The main advantage of a fixed (pegged) Forex rate is that it creates certainty for import and export businesses regarding their current and future earnings. This system also helps governments to ensure low inflation levels due to the stability of the country’s currency against foreign currencies.
This system is also likelier to spur steady stream of investment into the country as investors can rely on a stable exchange rate. This, in turn, boosts the country’s economy resulting in higher GDP growth levels.
Disadvantages of a fixed Forex rate
A major disadvantage associated with a pegged Forex rate is that the country’s central bank has to acquire and maintain a large supply of foreign currency reserves to boost the currency when its falters against foreign currencies.
A fixed exchange rate also makes it quite difficult for a central bank to stabilize a currency’s value in case economic situation changes abruptly. Countries in fiscal and monetary distress may choose to fix their currency’s exchange rate to stabilize its value. However, this usually leads to the creation of illegal foreign exchange systems that reflect the currency’s true value, as witnessed in Zimbabwe and other countries with significant black market currency exchange. The result is that illegitimate flows of money mushroom, diverting the economy away from the central bank's influence.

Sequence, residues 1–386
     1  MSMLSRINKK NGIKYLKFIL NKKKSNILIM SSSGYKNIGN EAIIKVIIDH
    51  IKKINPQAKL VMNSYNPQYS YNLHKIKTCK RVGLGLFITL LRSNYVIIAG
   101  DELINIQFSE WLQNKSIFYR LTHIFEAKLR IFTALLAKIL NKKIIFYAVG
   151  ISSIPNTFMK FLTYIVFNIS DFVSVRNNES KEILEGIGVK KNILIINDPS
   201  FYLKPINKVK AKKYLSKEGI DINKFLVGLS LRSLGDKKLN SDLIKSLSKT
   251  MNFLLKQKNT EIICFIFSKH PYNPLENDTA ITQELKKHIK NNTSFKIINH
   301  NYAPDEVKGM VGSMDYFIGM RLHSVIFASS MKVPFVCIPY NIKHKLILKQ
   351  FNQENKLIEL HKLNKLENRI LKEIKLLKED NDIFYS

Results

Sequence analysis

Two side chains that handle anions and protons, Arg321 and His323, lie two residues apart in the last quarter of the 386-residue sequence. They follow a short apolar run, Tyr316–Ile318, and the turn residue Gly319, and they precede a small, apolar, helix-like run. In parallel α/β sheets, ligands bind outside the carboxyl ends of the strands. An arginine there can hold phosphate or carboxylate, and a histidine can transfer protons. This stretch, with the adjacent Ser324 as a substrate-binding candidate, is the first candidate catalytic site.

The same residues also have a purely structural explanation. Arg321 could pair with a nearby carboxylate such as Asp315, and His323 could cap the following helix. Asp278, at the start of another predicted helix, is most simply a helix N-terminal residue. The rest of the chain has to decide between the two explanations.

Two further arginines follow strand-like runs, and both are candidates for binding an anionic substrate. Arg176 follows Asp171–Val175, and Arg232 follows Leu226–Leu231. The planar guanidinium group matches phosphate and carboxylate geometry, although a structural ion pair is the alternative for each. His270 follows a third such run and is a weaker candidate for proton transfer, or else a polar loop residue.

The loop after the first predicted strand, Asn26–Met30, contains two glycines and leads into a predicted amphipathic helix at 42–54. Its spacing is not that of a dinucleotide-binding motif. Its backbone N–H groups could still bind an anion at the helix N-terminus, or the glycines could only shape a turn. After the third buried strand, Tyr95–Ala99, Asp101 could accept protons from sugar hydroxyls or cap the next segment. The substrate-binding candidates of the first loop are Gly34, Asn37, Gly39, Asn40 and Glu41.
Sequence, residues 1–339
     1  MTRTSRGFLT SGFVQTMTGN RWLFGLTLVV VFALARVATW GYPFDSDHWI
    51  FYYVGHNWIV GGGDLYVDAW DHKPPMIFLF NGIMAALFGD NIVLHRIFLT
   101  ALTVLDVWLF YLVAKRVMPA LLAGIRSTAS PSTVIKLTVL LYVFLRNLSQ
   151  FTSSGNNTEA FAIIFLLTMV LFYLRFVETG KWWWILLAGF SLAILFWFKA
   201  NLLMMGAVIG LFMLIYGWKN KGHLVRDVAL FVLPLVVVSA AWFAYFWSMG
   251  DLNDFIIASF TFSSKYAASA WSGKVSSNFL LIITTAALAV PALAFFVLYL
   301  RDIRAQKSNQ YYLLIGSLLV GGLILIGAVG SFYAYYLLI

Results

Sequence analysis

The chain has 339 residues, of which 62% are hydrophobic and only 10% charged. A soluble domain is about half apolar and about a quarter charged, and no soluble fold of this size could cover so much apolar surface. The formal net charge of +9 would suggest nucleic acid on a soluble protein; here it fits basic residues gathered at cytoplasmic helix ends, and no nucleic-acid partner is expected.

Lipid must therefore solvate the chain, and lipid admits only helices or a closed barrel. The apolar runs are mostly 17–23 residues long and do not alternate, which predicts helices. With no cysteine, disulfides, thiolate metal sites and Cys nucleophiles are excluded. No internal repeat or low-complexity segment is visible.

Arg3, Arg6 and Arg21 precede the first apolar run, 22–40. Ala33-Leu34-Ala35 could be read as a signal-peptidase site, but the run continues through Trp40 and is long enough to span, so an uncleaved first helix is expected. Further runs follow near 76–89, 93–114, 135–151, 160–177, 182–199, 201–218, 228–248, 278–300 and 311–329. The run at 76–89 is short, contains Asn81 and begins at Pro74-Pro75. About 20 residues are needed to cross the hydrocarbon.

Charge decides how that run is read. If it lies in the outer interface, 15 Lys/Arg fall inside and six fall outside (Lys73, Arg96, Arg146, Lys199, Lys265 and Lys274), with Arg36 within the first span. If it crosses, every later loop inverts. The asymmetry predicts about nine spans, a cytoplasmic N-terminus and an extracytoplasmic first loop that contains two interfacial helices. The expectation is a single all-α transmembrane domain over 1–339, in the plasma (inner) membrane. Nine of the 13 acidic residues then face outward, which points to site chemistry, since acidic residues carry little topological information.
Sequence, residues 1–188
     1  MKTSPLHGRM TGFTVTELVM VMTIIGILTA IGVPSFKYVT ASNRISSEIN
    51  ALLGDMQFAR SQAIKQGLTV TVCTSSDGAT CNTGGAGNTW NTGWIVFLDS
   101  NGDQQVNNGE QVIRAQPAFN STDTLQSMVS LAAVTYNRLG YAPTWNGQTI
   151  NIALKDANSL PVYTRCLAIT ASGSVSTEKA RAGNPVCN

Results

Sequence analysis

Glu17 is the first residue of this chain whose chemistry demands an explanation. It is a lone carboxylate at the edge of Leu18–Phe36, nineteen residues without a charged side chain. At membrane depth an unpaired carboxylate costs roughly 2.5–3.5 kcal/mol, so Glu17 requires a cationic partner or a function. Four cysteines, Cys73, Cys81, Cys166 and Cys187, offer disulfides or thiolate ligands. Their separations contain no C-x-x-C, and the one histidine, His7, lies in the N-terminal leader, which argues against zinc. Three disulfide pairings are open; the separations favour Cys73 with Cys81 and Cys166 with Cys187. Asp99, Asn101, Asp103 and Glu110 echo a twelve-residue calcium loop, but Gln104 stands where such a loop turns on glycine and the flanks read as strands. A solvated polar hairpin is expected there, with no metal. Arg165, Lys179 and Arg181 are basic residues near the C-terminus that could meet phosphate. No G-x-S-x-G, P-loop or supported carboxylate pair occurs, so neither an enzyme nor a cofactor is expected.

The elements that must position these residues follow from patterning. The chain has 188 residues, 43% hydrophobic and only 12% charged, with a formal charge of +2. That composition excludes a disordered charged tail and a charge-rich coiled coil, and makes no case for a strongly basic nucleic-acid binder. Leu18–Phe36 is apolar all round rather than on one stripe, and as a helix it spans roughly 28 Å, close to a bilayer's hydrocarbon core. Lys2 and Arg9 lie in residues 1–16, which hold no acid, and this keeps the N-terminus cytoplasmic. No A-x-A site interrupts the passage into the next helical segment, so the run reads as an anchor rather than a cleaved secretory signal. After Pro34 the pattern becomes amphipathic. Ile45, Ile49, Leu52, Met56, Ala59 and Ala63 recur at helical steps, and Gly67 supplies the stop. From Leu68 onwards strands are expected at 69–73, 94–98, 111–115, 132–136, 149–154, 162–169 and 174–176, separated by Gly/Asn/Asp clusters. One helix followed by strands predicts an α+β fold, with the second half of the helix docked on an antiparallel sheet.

Fixed exchange rate also limits the power of a central bank to implement an independent monetary policy unless strict capital control is enabled. This is know as the financial trilemma.
The bottom line
Most countries claim to follow a particular foreign exchange system also known as a de jure system, yet in reality, their foreign exchange system varies as the market conditions often require changing the actual mode from one to another without any announcement. This is known as following a de facto Forex regime.
However, in the end it still means that the Forex rates are decided either by the market's demand and supply forces or by a central bank. Sometimes, as is the case with managed float and crawling pegs, it is a combination of both.